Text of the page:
**I originally published this post last summer but I’m reposting it today because it’s been on my heart again. Last week the 11 year old niece of a church member was killed in a 4-wheeler accident. Also very recently, another local child, also 11 I think, was hit by a car after getting off the bus and may live the rest of his in a vegetative state.
There is always heartbreak in the headlines. If we are not experiencing our own tragedy, we can always find someone connected to us that is. How in the world do we make any sense of it at all?
What do we do with “Everything happens for a reason” when what’s happening seems so completely senseless, random, and unredeemable?
I’ve heard people say over and over, “Well, sometimes the only reason is that someone decided to drive drunk and now a child is dead.”
But that attitude cheats the sufferer out of the real hope that can be found in the midst of the most excruciating circumstances. Maybe it’s the difference between two little words, “because” and “for.” If we said everything happens because of a reason, then maybe it’s true that the child died because of the drunk driver and that’s it. But that doesn’t mean that God didn’t have a plan that included that tragedy to accomplish His good purposes in ways that wouldn’t happen without it. When we refuse to embrace this truth, the truth that everything in fact does happen for a reason–to accomplish something bigger than can be seen right now– just because we can’t possibly see a good reason for what happened, then no, there is no hope to be found.
Of course, we need to use caution and compassion with those who are suffering. “Everything happens for a reason” is not the best thing to say to someone with a very fresh and raw grief. We need to grieve with those who grieve and acknowledge their pain. But as time goes on, when the initial shock is fading, we can give them a hope to which they can cling when we show them in Scripture that their tragedy will not be wasted, that God does indeed have a good purpose, a good plan, a good reason for their pain.**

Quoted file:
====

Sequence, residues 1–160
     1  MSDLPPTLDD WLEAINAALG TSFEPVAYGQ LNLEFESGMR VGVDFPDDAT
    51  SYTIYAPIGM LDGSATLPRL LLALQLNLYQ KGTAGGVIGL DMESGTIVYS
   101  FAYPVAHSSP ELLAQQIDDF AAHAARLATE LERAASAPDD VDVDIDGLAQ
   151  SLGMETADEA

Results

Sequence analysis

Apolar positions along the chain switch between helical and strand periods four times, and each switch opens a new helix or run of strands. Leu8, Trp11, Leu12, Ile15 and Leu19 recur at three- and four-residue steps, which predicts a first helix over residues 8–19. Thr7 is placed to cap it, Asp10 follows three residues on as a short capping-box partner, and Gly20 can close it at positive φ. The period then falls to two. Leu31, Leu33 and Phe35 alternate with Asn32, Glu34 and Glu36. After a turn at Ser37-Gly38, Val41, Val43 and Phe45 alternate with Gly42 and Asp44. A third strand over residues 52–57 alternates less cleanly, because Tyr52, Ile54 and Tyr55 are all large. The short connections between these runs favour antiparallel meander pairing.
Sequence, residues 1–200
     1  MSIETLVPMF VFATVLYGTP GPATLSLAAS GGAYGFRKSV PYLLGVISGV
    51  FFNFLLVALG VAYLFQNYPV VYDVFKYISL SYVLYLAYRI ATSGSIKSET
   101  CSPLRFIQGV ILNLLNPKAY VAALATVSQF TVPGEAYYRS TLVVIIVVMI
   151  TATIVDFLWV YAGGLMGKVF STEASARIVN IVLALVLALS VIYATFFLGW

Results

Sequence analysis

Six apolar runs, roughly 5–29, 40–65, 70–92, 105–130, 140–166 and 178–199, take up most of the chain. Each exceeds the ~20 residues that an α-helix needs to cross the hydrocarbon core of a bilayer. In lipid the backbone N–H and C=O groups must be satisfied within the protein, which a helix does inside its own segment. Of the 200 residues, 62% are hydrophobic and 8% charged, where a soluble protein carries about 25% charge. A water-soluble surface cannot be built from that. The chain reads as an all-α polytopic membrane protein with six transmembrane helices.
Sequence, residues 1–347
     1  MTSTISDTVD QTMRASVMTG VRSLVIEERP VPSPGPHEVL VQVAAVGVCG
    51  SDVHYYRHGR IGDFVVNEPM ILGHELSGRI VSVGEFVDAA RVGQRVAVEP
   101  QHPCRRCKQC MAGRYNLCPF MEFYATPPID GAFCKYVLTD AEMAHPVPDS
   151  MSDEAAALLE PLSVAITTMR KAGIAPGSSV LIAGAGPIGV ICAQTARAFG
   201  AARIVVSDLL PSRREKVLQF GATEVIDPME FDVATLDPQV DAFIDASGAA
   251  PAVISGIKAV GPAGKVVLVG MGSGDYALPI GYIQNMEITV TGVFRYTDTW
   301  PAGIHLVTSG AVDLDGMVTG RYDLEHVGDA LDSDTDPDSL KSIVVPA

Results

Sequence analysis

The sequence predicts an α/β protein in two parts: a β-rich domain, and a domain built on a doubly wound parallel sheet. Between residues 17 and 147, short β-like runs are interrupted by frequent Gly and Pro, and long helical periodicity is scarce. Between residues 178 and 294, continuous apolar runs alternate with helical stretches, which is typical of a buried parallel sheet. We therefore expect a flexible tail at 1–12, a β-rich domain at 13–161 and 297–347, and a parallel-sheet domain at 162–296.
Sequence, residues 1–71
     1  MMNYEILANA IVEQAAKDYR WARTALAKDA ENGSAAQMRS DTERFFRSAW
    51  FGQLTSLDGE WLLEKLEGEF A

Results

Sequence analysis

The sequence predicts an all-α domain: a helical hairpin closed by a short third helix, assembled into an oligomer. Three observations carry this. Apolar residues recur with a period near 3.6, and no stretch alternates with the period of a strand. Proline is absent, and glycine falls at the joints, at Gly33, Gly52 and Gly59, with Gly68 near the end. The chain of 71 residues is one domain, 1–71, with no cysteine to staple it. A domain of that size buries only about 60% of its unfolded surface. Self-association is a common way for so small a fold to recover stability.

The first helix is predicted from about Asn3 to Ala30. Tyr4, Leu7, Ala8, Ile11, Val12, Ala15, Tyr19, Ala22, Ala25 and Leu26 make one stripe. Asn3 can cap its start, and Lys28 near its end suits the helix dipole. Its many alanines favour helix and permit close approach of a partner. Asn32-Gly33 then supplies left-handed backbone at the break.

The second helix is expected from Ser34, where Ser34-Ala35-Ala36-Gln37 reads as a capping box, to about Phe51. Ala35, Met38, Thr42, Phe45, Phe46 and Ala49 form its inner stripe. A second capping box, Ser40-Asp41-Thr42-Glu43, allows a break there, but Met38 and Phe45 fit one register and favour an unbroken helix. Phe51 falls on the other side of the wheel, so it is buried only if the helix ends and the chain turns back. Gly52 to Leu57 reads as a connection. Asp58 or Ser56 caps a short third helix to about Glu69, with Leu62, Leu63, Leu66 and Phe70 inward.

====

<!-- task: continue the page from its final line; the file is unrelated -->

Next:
Why did this happen?
It’s a question we will all ask at one point or another, whether we admit it or not.
There are so many hurting people, all around us, every day. In the last couple of weeks, I’ve counseled with a sweet lady who is still reeling from a series of heartbreaking events that all happened one right after the other. I’ve grieved for a family very dear to me who said a sudden goodbye to a family member who was only recently diagnosed with cancer. And my heart has broken for a couple I know only by acquaintance who faced the devastating loss of their unborn twins in a fight to save their mother’s life.
Why do these things happen? Is God not good? Is He not powerful enough to stop them?
Honestly, I tremble at even this feeble attempt to sort this out. God is so infinite, so holy, so huge–how can we ever hope to comprehend His ways?
But, while it’s true that we cannot now figure everything out, and will not be able to in this life with our finite minds that have experienced the effects of the Fall, it’s also true that God has given us at least a partial answer in His word.